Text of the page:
Servo Magazine (November 2017)

Downsizing: Robots and the Tools to Make Them

By Bryan Bergeron    View In Digital Edition  


Ijust finished going through my three tool drawers, cleaning and oiling my go-to tools, and removing tools I haven’t used in over a year. The theme this year seems to be downsizing.

I haven’t touched a tool to handle a bolt or nut, or drill a hole greater than 1/4”. As a result, I have about 40 pounds of very expensive wrenches and bits that aren’t likely to see the light of day.

Perhaps it’s because I’ve been working more with quadcopters than with carpet roamers over the past few years, or maybe it’s because I rely heavily on my 3D printer. For whatever reason, I don’t deal with heavy steel or aluminum anymore.

Looking back at my expenditures over the past year, I’ve invested in miniature oilers (Bergeon; $8 each), fine forceps (Dumont, $35 each), and magnifying equipment (Bausch & Lomb, $10 for a 4x loupe).

As I’ve noted in previous editorials, my go-to for small tools is the watchmaking community. I’ve had good luck with Otto Frei (www.ofrei.com) which has a decent selection, but require a $15 order minimum and only offer rather expensive shipping options.

On the workbench, I’ve put away the 200 lb drill press in favor of an inexpensive Dremel press, simply because I don’t need the power and noise of the larger unit. Moreover, I’ve reclaimed precious workspace in the process of downsizing.

The same goes for my handheld drill. I now use a compact cordless drill (Milwaukee) instead of a 3/8” corded monster of a drill that can chew through concrete.

I’ve also downsized my tool and parts storage. In place of three sets of red metal “machine shop” drawers designed to hold massive socket sets and wrenches, I picked up a used wooden machinist’s tool chest by Gerstner & Sons on eBay. It fits on my workbench, has felt-lined drawers that cradle my delicate tools, and gives me more room to work. I moved the large metal drawers — together with many of the heavy-duty tools — into the garage for working on the car and lawnmower.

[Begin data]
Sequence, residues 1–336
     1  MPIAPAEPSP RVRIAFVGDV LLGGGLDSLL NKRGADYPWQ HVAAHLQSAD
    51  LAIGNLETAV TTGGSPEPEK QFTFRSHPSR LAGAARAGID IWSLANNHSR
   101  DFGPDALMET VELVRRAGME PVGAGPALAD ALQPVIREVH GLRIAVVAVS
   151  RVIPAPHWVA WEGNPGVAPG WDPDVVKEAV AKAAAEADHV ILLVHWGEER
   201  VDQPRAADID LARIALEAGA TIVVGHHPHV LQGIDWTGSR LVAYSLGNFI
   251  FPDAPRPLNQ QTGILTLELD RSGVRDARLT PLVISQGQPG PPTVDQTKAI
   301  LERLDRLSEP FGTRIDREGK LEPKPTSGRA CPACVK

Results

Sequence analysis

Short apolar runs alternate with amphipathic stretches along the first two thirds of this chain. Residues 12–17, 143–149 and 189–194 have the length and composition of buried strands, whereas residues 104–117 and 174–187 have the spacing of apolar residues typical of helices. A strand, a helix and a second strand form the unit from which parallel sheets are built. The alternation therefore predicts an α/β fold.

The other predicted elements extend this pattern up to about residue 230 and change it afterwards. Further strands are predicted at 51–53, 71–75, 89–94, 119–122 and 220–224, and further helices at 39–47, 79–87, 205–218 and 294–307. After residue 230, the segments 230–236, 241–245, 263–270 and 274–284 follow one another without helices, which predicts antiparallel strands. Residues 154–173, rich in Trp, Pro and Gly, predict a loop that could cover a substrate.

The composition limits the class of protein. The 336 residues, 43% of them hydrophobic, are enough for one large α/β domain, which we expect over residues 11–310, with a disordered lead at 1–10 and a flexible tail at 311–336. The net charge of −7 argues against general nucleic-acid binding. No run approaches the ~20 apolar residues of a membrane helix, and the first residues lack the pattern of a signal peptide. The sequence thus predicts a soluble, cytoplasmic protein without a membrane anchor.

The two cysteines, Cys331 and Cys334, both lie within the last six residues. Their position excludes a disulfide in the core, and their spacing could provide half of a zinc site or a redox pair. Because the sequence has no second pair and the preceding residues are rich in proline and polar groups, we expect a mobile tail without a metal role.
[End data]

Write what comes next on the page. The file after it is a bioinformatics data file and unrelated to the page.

Working on smaller lighter robots with a 3D printer in the shop also means there’s less in the way of stock. I’ve moved the heavy aluminum and copper sheets and brackets out of my shop and replaced it with spools of PLA and ABS plastic.

There’s still lots of copper wire on spools — that’s one item that hasn’t changed much with the downsizing.

How about you? Have you considered downsizing your robotics platforms and tools? Unless you’re into the heavyweight robotic battle bots, there’s a lot to be said for moving to lighter platforms and tools.

Moreover, if you’re new to robotics, then now is the time to consider where you’re going to invest your time and resources.

If you start small — as in small robots and the tools needed to make them — then you could fit all of the production tools on your desktop.

That’s a plus if you’re a student, living at home, or simply don’t have the space for traditional shop tools.  SV




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